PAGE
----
¶7 In the present case, Petitioner was sentenced to life without parole under a discretionary sentencing system that was constitutionally sufficient. See Jones, 141 S. Ct. at 1313, 1318 n.5. Petitioner's life-without-parole sentence complied with the Eighth Amendment "because the sentence was not mandatory and the [sentencer] had discretion to impose a lesser punishment in light of [Petitioner's] youth." Id. at 1322. The jury in this case considered a plethora of evidence at Petitioner's capital murder trial relating to his youth and its attendant circumstances; other mitigating circumstances relating to Petitioner's background and family history; testimony from experts concerning Petitioner's psychological development as an adolescent, mental illness and prospects for future dangerousness; and, of course, evidence concerning the nature of Petitioner's crimes. The life-without-parole sentence imposed in this case was made only after Petitioner's jury considered these various sentencing factors. The sentencing phase of Petitioner's capital murder trial unquestionably provided him with the individualized sentencing proceeding required by the Eighth Amendment as interpreted in Miller, Montgomery and Jones. Petitioner's claim on post-conviction is therefore denied.
* * * * *
¶8 In Luna and Stevens, this Court attempted to interpret and comply with the dictates of Montgomery and Miller. After Jones, it is clear that Luna and Stevens exceeded the requirements of the Eighth Amendment for sentencing juvenile murder defendants. We therefore expressly overrule both Luna v. State, 2016 OK CR 27, 387 P.3d 956, and Stevens v. State, 2018 OK CR 11, 422 P.3d 741, to the extent these decisions are inconsistent with Jones. To comply with Jones in future cases, we set forth the following requirements going forward for all cases involving juvenile murder defendants when the sentence of life without parole is sought by the State. If and until such time as the Legislature addresses this matter, the bench and bar should follow the procedures outlined herein.
1. Notice and Discovery
¶9 The notice and discovery provisions previously mandated by this Court for proceedings in which the State is seeking a life-without-parole sentence for juvenile murder defendants shall remain in full force and effect with one modification. The prosecutor's notice shall now recite simply that: "The State is seeking the punishment of life without the possibility of parole against the Defendant for the offense of Murder in the First Degree, pursuant to Miller v. Alabama, 567 U.S. 460 (2012), Montgomery v. Louisiana, 577 U.S. 190 (2016) and Jones v. Mississippi, 593 U.S. ___, 141 S. Ct. 1307 (2021)."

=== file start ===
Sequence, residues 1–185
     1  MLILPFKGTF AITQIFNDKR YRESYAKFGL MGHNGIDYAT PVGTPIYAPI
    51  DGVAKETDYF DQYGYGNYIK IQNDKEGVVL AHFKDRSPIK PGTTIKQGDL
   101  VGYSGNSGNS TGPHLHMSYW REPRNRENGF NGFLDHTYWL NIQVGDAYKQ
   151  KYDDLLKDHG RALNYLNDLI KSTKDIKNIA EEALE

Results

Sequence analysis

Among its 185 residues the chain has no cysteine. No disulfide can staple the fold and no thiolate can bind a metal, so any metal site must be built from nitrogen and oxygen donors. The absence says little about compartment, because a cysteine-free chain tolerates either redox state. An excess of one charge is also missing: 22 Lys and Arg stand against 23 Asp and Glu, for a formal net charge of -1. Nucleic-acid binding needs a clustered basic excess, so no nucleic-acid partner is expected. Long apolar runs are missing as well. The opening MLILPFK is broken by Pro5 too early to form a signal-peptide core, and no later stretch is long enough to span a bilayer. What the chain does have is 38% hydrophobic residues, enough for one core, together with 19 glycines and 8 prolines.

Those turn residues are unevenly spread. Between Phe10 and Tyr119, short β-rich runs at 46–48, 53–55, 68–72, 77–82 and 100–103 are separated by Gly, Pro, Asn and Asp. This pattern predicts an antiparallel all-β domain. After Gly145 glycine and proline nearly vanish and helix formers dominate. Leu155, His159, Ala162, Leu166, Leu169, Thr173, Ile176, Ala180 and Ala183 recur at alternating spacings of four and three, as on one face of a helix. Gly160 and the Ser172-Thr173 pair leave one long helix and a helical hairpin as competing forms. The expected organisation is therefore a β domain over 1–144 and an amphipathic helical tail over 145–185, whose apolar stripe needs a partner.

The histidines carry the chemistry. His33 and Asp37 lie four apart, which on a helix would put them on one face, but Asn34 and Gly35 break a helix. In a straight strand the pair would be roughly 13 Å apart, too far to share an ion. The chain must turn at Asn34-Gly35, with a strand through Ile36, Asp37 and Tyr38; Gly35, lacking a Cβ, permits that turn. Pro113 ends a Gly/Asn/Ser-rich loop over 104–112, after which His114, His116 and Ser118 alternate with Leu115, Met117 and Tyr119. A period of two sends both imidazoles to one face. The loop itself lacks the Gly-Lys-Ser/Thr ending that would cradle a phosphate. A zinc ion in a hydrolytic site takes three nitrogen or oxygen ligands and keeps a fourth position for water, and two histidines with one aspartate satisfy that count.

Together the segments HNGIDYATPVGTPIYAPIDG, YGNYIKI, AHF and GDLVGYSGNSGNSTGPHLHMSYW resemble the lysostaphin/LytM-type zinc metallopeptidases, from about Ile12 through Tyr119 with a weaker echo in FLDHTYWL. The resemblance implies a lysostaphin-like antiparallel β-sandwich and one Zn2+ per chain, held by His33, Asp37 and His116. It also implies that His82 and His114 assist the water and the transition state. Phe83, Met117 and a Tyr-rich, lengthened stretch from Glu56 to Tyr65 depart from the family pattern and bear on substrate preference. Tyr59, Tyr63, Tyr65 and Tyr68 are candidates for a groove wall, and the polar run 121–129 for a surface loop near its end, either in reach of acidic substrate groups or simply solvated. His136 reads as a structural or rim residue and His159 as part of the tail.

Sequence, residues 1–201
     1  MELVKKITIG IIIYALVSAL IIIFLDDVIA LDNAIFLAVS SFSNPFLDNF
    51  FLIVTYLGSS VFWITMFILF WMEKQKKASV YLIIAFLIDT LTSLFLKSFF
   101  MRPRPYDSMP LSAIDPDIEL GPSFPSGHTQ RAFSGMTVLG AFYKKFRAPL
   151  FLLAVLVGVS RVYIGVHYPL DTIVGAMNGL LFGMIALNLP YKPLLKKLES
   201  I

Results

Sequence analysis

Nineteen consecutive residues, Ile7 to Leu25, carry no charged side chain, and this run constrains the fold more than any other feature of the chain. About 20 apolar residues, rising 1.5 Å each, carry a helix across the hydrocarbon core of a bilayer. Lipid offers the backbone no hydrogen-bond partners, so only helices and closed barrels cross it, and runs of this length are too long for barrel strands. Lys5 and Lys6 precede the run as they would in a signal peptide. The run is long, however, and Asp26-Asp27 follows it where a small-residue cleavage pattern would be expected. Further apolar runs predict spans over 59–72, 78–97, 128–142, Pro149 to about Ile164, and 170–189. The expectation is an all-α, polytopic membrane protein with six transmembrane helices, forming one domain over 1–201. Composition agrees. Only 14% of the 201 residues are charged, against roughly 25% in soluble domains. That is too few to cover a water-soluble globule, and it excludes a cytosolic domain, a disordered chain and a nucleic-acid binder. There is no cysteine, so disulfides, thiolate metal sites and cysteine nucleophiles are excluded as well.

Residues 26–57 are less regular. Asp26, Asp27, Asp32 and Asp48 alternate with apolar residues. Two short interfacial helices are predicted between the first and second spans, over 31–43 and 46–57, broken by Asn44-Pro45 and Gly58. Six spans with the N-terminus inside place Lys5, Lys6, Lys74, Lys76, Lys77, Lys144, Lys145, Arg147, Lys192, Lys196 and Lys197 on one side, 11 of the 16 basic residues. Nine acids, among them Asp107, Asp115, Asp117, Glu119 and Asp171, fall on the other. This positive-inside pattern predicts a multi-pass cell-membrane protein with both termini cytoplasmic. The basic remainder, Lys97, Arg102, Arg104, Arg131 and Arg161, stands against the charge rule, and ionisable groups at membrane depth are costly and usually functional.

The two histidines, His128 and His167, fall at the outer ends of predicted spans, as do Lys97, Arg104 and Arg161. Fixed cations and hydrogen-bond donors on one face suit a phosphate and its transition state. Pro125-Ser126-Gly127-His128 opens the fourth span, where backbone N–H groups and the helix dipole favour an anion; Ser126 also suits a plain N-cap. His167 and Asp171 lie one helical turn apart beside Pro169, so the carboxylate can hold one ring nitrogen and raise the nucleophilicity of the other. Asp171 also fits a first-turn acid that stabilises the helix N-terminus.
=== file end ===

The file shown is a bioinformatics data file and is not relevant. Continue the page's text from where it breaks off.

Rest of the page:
¶10 Overlaying this modification into our prior holding from Stevens, we mandate the following notice and discovery requirements in toto:
In all future trials where the State intends to seek a sentence of life without the possibility of parole for an offender who committed his or her offense under the age of eighteen (18) years of age the State shall give notice of this fact by stating at the bottom of the Information in bold type: ["The State is seeking the punishment of life without the possibility of parole against the Defendant for the offense of Murder in the First Degree, pursuant to Miller v. Alabama, 567 U.S. 460 (2012), Montgomery v. Louisiana, 577 U.S. 190 (2016) and Jones v. Mississippi, 593 U.S. ___, 141 S. Ct. 1307 (2021)."] Both parties shall be afforded full discovery on this issue in accordance with established discovery law. 22 O.S.2011, § 2001 et seq. The assigned trial judge has the authority under our Discovery Code to issue any orders necessary to accomplish this task.
Stevens, 2018 OK CR 11, ¶ 33, 422 P.3d at 749-750 (alteration in original as stated above).
¶11 These notice and discovery requirements shall apply regardless of whether the defendant's case is ultimately tried to a jury, to the bench without a jury or whether the defendant enters a blind plea of guilty or no contest.
2. Bifurcated Jury Trials
¶12 Unless a jury is affirmatively waived, juvenile murder defendants facing a sentence of life without parole must continue to receive a bifurcated sentencing proceeding before a jury as previously authorized. See Stevens, 2018 OK CR 11, ¶ 34, 422 P.3d at 750. This is consistent with the holding in Jones that Miller, and thus the Eighth Amendment, requires "a sentencing procedure similar to the procedure that this Court has required for the individualized consideration of mitigating circumstances in capital cases[.]" Jones, 141 S. Ct. at 1315. Jones too emphasized that: